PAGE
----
Nature is so predictable. Or is it? On Monday, August 21, 2017, thousands will travel to see the first total solar eclipse in the contiguous United States since 1979. Peering back into the minds of our ancestors, we often recount ancient eclipse memories as omens of chaos.Continue reading
The Matrix made all of us ask the same disturbing questions: How do I know that the world I see, hear, and touch is real? Can I prove that I’m not actually in a pod created by machines bent on harvesting my bioelectricity?Continue reading
Is consciousness everywhere? Is it a basic feature of the Universe, at the very heart of the tiniest subatomic particles? Such an idea – panpsychism as it is known – might sound like New Age mysticism, but some hard-nosed analytic philosophers have suggested it might be how things are, and it’s now a hot topic in philosophy of mind.
Common sense tells us that only living things have an inner life. Rabbits and tigers and mice have feelings, sensations and experiences; tables and rocks and molecules do not. Panpsychists deny this datum of common sense. According to panpsychism, the smallest bits of matter – things such as electrons and quarks – have very basic kinds of experience; an electron has an inner life.Continue reading
In Part II of this series, we considered artificial intelligent in the context of Arthur C. Clarke’s novel and Stanley Kubrik’s film 2001: A Space Odyssey. In Space Odyssey, intelligence is arguably seen as an end in-and-of itself, rather than a means to an end. Flowers for Algernon, a short story later turned into a novel by author Daniel Keyes, questions that assumption while considering the ethical implications of artificially manipulating a person’s intelligence.
The protagonist of Flowers for Algernon is Charlie Gordon, a janitor who begins the story with intellectual disability, or mental retardation as it was referred to at the time when Keyes wrote the story. Gordon’s intellectual disability is a result of phenylketonuria, a real life metabolic disorder resulting from mutations of the gene encoding phenylalanine hydroxylase, an enzyme that breaks down the amino acid phenylalanine. An inability to metabolize this amino acid causes its toxic build up in the brain, often resulting in a low IQ and other problems, such as mental disorders.
In our previous post, we considered the Philip K. Dick novel Do Androids Dream of Electric Sheep? in the context of a thought experiment: a thinking tool used by scientists and philosophers to reframe an unintuitive problem in a new, more familiar context.
Another great thought experiment of the 1960s is 2001: A Space Odyssey. Developed in parallel as both a novel by Arthur C. Clarke and a film by Stanley Kubrick, Space Odyssey is a story about the evolution of humanity and intelligence. Beginning with the invention of tool use in Africa, the story asks how intelligence might continue to evolve after humans develop sophisticated technology. Both the novel and the film follow astronaut Dave Bowman on his journey to the Outer Solar System guided by HAL 9000, an artificial intelligence (AI) that controls the spaceship and is responsible for the well being of the crew.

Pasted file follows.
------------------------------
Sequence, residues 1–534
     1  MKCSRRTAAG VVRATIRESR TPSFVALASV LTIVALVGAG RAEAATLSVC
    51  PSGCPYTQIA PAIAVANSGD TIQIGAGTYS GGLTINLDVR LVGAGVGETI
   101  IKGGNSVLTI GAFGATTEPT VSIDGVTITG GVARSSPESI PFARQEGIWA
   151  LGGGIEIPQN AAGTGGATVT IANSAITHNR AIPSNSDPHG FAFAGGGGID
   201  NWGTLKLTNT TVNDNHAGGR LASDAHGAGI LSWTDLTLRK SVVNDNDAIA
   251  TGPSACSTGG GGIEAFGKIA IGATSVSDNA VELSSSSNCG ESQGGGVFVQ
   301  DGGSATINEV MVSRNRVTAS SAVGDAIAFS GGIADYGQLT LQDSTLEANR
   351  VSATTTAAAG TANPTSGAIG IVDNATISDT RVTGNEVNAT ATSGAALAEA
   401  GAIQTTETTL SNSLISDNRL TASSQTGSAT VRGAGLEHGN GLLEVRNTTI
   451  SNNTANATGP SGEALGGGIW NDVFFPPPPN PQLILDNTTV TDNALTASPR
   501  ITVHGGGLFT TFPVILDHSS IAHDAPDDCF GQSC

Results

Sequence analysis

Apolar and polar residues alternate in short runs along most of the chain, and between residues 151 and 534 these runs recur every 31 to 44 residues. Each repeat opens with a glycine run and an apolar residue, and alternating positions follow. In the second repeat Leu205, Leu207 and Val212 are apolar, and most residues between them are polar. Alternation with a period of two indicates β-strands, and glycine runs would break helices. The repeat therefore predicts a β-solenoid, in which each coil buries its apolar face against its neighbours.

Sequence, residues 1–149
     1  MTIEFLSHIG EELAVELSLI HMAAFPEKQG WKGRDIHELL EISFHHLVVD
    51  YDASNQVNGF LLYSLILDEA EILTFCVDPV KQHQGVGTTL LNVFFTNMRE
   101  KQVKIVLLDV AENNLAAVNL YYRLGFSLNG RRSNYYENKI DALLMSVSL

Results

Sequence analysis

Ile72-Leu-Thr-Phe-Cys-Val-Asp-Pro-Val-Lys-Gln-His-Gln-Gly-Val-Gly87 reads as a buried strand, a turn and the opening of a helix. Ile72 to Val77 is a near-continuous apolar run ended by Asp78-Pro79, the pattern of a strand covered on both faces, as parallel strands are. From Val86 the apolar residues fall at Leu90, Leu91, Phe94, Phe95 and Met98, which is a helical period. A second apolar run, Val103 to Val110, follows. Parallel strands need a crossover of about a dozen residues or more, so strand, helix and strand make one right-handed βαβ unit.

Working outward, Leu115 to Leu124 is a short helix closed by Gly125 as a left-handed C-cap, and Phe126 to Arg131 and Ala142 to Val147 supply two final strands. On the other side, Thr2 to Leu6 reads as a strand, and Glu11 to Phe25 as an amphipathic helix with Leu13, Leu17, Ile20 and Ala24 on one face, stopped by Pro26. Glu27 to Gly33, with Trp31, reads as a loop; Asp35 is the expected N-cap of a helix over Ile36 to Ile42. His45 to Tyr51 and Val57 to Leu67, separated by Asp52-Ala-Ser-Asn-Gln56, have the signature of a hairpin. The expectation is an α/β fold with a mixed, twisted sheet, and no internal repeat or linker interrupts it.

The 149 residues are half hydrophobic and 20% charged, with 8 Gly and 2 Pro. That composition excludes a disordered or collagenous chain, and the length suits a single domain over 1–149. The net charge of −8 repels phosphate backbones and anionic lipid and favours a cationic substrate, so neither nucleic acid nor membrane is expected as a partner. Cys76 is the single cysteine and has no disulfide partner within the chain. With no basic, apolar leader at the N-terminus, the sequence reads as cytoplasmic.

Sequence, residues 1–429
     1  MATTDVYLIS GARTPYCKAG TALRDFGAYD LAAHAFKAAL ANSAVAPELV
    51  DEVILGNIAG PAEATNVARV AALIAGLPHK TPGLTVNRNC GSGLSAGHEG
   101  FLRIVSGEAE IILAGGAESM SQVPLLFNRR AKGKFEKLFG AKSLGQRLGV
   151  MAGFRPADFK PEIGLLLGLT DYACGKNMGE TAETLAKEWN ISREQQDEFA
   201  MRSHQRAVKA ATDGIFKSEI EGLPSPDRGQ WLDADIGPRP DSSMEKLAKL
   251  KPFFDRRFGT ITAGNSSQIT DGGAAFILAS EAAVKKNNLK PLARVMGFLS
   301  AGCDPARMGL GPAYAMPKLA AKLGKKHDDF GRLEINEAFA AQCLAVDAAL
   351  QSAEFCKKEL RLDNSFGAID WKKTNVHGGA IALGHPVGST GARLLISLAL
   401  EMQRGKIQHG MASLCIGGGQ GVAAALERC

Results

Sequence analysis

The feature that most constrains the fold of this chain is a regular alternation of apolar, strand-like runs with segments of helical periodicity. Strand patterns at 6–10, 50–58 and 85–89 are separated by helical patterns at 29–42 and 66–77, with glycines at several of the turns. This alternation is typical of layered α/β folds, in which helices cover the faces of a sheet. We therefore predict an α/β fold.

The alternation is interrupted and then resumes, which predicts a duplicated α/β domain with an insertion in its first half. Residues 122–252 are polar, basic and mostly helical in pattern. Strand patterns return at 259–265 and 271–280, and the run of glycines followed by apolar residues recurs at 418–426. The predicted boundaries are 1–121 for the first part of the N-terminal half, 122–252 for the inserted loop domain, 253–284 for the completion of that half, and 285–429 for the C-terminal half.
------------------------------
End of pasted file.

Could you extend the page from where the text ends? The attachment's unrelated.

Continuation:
Let’s imagine something crazy.
What if each person in China was ordered to simulate a neuron in a brain, making an enormous “China brain?” Every participant in this grand experiment would be given a two-way radio to communicate with other people, similar to how neurons talk to each other. Some people play the role of “effector neurons,” which control parts of a giant robot, just as motor neurons in our nervous system control bodily movements.
Basically, imagine that the entire nation of China became a giant robot’s brain. What might happen?
Would you trust a memory if it felt as real as all your others? And other people confirmed they remember it, too? What if the memory turned out to be false?Continue reading
It’s a lazy Sunday afternoon. Professor Freeman is enjoying the Southern California weather on Professor Domino’s patio.
Domino: Will it be Coke or Pepsi, Dr. Freeman?
Freeman: That’s an easy choice, Dr. Domino.Continue reading
Last month, astronomers announced the prediction of a new giant planet in our solar system dubbed Planet IX, a genuine ninth planet with ten times the mass of Earth. The announcement lead to some confusion on the Internet as to the whether the planet had actually been discovered. In fact, no direct observation of this planet has been made. Rather, the planet has been predicted by a model, a simplified description of a system which often incorporates hypothetical elements to explain the variance in data. Because many models use equations to describe a system, a model can often be thought of as a theory with a mathematical backbone.Continue reading
“A barber (who is a man) shaves all and only those men who do not shave themselves. Does he shave himself?”
If you can’t solve the above riddle, don’t worry — nobody can. Continue reading
Some questions cannot be addressed by science. Like parallel universes, the consciousness of others is not something that can be directly observed, measured, or experienced. Rene Descartes famously said,
“I think, therefore I am.“
a declaration that only knowledge of one’s own consciousness is absolute. You assume that friends and neighbors have subjective, internal experiences similar to your own. And yet, you will never know that these individuals are not mindless automatons, behaving in a manner similar to yourself yet lacking conscious experience.Continue reading